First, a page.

Google (Link) - AFP (June 27, 2009)
US President Barack Obama admitted Friday Iran's "outrageous" crackdown on demonstrators would hit his hopes for direct talks, and escalated a heated public row with President Mahmoud Ahmadinejad.
Obama, who came to power vowing to engage US enemies, including Iran, sharply rejected Ahmadinejad's demands for an apology for his previous comments on the post-election turmoil, in a further stiffening of US rhetoric.
"There is no doubt that any direct dialogue or diplomacy with Iran is going to be affected by the events of the last several weeks," Obama said after talks at the White House with German Chancellor Angela Merkel.
"I think we're going to have to see how that plays itself out in the days and weeks ahead," said Obama.
Obama said however that the talks compered by the international P5-plus-1 group over Iran's nuclear program would likely continue.
He argued that despite speaking out with a "unified voice" on the violence in Tehran, the world needed to recognize that the prospect of Iran with nuclear weapons was a "big problem."
"My expectation would be... that you're going to continue to see some multilateral discussions with Iran."
European Union foreign policy chief Javier Solana has been authorized by UN Security Council permanent members Britain, China, France, Russia and the United States plus Germany -- to discuss the issue with Tehran.
Obama also offered a personal riposte for Ahmadinejad's demands for an apology and accusations that the US president, despite a measured early response to the crackdown, had meddled in Iran's internal affairs.
"I don't take Mr. Ahmadinejad's statements seriously about apologies, particularly given the fact that the United States has gone out of its way not to interfere with the election process in Iran," said Obama.
"I'm really not concerned about Mr. Ahmadinejad apologizing to me.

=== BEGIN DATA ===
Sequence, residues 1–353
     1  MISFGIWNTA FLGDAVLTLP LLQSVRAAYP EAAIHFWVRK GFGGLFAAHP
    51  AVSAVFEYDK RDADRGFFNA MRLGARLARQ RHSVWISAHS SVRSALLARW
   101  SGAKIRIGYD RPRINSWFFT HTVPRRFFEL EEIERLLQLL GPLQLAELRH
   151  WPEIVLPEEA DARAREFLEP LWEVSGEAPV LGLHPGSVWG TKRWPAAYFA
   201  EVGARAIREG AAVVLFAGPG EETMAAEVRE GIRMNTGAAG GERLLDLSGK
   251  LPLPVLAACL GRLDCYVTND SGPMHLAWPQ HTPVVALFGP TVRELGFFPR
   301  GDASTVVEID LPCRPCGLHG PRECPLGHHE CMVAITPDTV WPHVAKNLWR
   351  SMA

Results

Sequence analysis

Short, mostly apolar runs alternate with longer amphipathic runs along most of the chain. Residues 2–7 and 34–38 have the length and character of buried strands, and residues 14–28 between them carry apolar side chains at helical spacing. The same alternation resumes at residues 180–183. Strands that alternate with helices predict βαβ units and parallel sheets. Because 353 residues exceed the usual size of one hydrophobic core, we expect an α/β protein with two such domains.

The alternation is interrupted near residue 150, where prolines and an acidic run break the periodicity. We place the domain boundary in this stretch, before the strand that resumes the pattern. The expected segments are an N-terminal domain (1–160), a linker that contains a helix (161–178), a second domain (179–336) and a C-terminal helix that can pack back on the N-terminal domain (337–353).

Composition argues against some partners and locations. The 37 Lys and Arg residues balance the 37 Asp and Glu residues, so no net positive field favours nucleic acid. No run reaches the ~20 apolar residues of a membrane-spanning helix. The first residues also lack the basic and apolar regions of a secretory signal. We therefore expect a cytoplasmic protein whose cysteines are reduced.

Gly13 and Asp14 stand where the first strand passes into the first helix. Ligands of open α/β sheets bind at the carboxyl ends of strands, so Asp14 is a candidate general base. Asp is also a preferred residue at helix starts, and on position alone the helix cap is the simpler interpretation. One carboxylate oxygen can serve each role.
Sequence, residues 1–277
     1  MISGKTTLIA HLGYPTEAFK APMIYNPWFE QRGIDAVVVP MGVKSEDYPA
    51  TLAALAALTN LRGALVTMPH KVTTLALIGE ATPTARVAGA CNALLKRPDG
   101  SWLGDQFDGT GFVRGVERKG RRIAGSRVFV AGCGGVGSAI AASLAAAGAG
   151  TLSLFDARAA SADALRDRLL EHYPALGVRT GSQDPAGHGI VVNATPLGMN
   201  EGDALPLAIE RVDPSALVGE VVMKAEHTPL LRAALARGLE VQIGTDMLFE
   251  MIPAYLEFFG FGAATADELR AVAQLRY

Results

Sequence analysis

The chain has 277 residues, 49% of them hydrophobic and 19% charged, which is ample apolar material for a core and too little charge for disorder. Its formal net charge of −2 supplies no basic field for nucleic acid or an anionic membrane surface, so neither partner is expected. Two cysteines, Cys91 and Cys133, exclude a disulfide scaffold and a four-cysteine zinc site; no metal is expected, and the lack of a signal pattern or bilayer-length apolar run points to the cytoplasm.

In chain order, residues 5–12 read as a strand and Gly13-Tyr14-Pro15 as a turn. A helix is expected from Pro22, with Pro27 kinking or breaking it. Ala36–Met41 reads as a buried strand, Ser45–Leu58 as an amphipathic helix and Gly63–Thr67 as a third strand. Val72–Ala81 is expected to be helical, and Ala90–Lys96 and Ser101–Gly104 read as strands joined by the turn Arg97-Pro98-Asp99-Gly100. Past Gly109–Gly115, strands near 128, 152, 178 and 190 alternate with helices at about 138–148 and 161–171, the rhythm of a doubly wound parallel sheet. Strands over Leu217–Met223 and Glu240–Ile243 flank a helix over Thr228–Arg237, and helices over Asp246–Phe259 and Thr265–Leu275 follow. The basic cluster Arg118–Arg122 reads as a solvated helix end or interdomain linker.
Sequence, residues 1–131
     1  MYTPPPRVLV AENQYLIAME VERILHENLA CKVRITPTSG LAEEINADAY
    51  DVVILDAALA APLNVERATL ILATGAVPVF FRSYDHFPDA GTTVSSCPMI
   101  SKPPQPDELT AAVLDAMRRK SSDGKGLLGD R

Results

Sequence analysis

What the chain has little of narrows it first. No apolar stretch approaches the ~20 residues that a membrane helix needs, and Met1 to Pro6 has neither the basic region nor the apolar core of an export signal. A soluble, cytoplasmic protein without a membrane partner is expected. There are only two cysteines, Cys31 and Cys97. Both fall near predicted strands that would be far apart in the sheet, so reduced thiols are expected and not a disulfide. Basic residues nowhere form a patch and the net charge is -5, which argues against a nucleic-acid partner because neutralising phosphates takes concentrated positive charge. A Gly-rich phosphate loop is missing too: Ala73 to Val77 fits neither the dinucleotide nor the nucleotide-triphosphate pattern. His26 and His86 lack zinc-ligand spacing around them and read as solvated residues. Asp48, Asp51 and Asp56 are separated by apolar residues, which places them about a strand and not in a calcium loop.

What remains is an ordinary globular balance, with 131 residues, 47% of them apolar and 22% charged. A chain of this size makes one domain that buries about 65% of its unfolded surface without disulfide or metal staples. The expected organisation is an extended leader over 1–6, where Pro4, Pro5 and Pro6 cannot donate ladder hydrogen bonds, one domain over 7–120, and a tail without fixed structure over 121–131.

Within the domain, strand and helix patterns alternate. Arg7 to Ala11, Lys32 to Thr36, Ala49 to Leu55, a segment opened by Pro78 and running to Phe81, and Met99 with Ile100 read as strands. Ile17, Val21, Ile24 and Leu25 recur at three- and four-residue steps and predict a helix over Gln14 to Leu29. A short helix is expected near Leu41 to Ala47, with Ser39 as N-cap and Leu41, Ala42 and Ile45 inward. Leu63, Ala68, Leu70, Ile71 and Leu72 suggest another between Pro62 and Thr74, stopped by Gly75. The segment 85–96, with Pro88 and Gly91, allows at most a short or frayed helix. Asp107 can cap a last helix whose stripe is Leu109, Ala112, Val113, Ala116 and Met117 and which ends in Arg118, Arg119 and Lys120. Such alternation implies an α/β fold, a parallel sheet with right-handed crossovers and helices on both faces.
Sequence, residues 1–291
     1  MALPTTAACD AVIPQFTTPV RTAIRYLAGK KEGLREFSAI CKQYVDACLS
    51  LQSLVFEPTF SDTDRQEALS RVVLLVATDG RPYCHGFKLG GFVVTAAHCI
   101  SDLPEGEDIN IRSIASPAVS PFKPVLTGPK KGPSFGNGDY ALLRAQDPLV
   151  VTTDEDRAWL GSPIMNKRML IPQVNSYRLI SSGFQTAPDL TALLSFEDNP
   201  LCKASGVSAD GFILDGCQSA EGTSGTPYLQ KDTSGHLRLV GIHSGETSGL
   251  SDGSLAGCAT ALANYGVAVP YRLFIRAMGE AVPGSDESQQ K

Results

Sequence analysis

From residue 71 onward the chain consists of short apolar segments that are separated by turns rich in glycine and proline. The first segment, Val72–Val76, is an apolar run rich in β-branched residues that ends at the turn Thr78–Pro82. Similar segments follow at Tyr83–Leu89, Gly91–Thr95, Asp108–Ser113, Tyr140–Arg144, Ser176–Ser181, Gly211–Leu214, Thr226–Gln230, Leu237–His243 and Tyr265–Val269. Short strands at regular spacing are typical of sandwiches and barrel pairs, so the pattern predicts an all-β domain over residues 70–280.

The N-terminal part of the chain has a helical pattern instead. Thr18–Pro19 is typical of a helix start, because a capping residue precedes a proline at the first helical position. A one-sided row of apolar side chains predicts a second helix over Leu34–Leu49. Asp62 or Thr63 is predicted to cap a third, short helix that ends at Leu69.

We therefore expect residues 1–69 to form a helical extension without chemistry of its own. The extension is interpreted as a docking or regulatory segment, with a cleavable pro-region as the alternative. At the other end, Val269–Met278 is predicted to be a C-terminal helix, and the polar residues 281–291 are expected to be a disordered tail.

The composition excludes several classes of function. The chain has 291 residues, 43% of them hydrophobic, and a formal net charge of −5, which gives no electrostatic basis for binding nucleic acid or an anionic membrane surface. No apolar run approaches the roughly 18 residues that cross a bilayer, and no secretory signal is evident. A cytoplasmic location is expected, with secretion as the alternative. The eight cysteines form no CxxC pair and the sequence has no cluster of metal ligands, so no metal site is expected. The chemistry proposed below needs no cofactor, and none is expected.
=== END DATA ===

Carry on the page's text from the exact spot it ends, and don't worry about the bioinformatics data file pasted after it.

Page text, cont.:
"I would suggest that Mr. Ahmadinejad think carefully about the obligations he owes to his own people.
"And he might want to consider looking at the families of those who've been beaten or shot or detained... that's where I think Mr. Ahmadinejad and others need to answer their questions."
The president also praised the "bravery in the face of brutality" of protestors raising doubts about Ahmadinejad's disputed re-election.
"The violence perpetrated against them is outrageous."
Obama's comments were his first public response to Ahmadinejad's tirade against the United States and the West on Thursday, partly prompted by the US president's hardening tone on violence in Iran.
"I hope you (Obama) will avoid interfering in Iran's affairs," Ahmadinejad said, accusing the US leader of using words similar to those of his predecessor George W. Bush who took a hard line against the Islamic republic.
"Will you use this language with Iran (in any future dialogue)? If this is your stance, there will be nothing left to talk about," said Ahmadinejad.
Obama first responded to Ahmadinejad's disputed re-election with a measured approach, but hardened his tone on Tuesday following a crackdown on mass demonstrations supporting a rival candidate Mir Hossein Mousavi.
Merkel bemoaned the "horrifying scenes" that she had seen from Iran. "We will not forget those," she said, and vowed to do everything to find out the number and identities of victims of the government crackdown.
"In this day and age of the 21st century, Iran cannot count on the world community turning a blind eye to this," she said.
Merkel referenced her own upbringing in communist East Germany, saying it was important for victims to know the people of the world were aware of their plight.
She also called for a "diplomatic solution to prevent Iran from gaining possession of a nuclear weapon." †
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